“It’s natural for ASU to rethink the improbable,” Furst said in a statement. “As leaders in innovation, ASU is always chasing what we have learned from the past to change and impact the future.”
Jennings-Roggensack agreed, saying, “What’s been really great is we’ve actually been able to access the intellectual power of Arizona State University students and the same thing will be true with sustainability as we move on there.”
ASU’s vision for the future has Sun Devil Stadium being the central hub of not only the campus, but of all of Tempe.
“Sun Devil Stadium is an iconic venue in the Valley and through its reinvention can serve a purpose beyond football game days in the fall,” Ray Anderson, vice president for university athletics, said in a statement. “Stadium 365 allows Sun Devil Stadium to become a destination for a multitude of events. This belongs to the public. It is not just Sun Devil Athletics.”
The school has been working with a variety of students, ranging from those in the Herberger Institute for Design to the W.P. Carey School of Business. The design school’s objective is to make the space more efficient for the people using it, and has created booths that can be used at job fairs or festivals. The business school worked in teams to run surveys at other colleges and helped put budgets together.
“If you’ve been in the stadium, you’ve seen we’ve got these large concrete walls. How do we say to the 16 colleges and departments at ASU, ‘You can have that space to talk about the most important thing that’s happening, the latest idea,’ ” Jennings-Roggensack said.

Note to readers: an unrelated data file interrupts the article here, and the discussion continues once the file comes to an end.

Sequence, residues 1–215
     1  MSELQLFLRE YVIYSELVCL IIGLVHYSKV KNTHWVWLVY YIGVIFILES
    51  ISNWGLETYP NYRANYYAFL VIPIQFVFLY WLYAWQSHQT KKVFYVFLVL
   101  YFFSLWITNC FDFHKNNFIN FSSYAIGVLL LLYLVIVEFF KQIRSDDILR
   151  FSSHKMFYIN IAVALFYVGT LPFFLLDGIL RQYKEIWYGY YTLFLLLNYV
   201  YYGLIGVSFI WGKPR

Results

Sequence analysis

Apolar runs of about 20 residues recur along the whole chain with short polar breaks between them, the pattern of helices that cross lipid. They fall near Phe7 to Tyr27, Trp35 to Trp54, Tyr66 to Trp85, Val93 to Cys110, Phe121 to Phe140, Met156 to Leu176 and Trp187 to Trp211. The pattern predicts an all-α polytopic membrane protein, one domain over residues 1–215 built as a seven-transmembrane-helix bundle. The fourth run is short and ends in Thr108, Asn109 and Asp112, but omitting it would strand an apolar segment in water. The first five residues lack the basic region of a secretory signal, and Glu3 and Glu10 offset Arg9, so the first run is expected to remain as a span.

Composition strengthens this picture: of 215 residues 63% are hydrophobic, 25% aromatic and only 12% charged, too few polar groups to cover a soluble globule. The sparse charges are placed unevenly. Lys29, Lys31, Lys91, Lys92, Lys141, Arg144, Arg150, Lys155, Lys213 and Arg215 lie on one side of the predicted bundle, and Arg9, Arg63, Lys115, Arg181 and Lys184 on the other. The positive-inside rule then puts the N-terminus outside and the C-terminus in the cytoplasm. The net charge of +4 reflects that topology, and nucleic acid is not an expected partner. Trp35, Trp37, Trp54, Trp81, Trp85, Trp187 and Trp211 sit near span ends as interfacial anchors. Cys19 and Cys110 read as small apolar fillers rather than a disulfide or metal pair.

The new hub is also going to house the Pat Tillman Veterans Center, and there are tentative plans to add broadcast studios for the Walter Cronkite School of Journalism and Mass Communication.
Classrooms, meeting halls and a place for the City of Tempe to host events will also be available.
“The City of Tempe, we’ve been in discussion, because they close down the streets and they have fairs, and they have concerts at Tempe Town Lake, and they want the citizens to have the streets back again, and they want Tempe Beach Park to be a park, not a concert venue. So we’re gonna take all of those things in,” Jennings-Roggensack said.
Additionally, the 365 Community Union aspires to be a place for citizens to come eat, learn, connect with others and participate in activities.
“The bottom level will be grab-and-go food. It could also be student-open, student innovation,” Jennings-Roggensack said. “Then the second floor would be like casual dining. So you could go and have a nice meal but it’s not (fancy). Then the third level there will be fine dining. So that the president looking at courting new businesses or faculty coming, or it’s a big function happening.”
The stadium has a sustainability plan set in place, but that plan will be re-evaluated as the project progresses. Any food providers that will occupy a space in Sun Devil Stadium will have to show they are sustainable, and ASU would prefer they use locally sourced food.
“We really do also see this as a recruiting tool,” Jennings-Roggensack said. “President Crow says this will be the university’s largest asset, and you use an asset in as many ways as possible.
“We want it to be the first place that Sun Devils come to the moment they graduate from, and a place where they bring back their grandchildren.”
Story by Brittany Bowyer, Cronkite News